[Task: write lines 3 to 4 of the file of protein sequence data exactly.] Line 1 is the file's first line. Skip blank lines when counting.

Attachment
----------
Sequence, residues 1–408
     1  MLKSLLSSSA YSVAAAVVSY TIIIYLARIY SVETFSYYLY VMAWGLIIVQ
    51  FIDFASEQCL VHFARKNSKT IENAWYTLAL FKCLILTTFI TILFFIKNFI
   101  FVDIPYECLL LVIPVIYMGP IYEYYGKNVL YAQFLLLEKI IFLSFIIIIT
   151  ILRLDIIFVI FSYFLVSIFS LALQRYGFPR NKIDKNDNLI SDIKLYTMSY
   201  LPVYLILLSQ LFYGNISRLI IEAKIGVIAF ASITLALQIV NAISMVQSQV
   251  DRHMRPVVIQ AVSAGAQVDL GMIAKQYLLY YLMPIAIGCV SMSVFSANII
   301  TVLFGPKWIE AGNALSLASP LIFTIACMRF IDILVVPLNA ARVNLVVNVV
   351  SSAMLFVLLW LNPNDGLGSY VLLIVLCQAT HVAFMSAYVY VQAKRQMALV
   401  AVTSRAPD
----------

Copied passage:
    51  FIDFASEQCL VHFARKNSKT IENAWYTLAL FKCLILTTFI TILFFIKNFI
   101  FVDIPYECLL LVIPVIYMGP IYEYYGKNVL YAQFLLLEKI IFLSFIIIIT